With Trump, the situation is different. He only launched his Native American Coalition last week but didn't offer any policies, goals or ideas for Indian Country.
"With president-elect Trump, all we know of his record on tribal issues are statements he made in the 1990s from the gaming hearing," noted Cladoosby, referring to the real estate mogul's now legendary appearance on Capitol Hill back in 1993.
Despite the uncertainties, NCAI, as a non-partisan organization, is looking for ways in which tribes can navigate the new political world and maybe even get some things done. Jacqueline Pata, the organization's executive director, said unity will play an important role going forward.
"When we can come together, we are really strong," Pata said on the webinar. "We really make differences happen."
One of the biggest priorities will be getting tribal citizens named to top positions in the new administration. That usually means the leaders of the Bureau of Indian Affairs, the Indian Health Service, the Administration for Native
Americans and the National Indian
But Obama raised the bar more than any other president and tribes want to see that record continue. He created the first-ever Senior Policy Advisor for Native American Affairs post at the White House, a position held by three successive Native women. He nominated Hillary Tompkins, a member of the Navajo Nation, to serve as the top legal official at the Department of the Interior and she was the first Native person ever in that job.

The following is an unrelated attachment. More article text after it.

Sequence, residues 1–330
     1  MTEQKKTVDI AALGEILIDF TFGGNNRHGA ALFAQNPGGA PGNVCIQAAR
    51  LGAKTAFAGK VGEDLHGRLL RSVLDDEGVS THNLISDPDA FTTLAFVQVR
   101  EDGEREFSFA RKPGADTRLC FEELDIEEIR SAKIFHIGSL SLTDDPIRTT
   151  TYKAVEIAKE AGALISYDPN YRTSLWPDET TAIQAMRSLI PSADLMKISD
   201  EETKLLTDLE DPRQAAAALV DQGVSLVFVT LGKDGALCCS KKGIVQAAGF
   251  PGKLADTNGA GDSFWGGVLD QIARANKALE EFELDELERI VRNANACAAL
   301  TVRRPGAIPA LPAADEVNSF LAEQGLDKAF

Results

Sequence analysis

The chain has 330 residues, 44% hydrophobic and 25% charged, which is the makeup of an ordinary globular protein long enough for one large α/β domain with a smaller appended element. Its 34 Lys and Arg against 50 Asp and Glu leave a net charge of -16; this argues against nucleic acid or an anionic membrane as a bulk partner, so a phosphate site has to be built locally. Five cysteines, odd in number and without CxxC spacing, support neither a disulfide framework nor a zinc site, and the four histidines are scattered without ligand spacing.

"We will continue to push for Native Americans in the administration in every place we can," Pata said.
The White House on YouTube: President Obama Meets With President-Elect Trump
Trump has launched greatagain.gov, a mirror of his campaign slogan, for the transition effort. While it's still a bare-bones site, tribal citizens interested in the more than 4,000 political appointments will be able to submit resumes and connect with the incoming team.
For Interior, which houses the BIA, the NIGC and the Office of the Special Trustee for American Indians, Trump has tapped attorney David Bernhardt as the transition lead. Bernhardt once served as Solicitor at the department and ran its Office of Congressional and Legislative Affairs during the Bush administration.
Pata said Bernhardt "has a good working knowledge of Indian Country. So that gives us some reassurances."
Trump's Native American Coalition also has some familiar names although not all are seen as friendly ones. One of the most notable is Ross Swimmer, a citizen of the Cherokee Nation who drew widespread opposition in Indian Country when he returned to Washington, D.C., to run the Office of the Special Trustee for George W. Bush.
Most of the other members of the coalition, however, are unknowns, lacking name recognition as leaders in their respective communities. But that doesn't mean they aren't seen as potential talent for Trump, based on the experience of a Navajo veteran who once worked for the future president in New York City.
The White House on YouTube: President Obama Delivers a Statement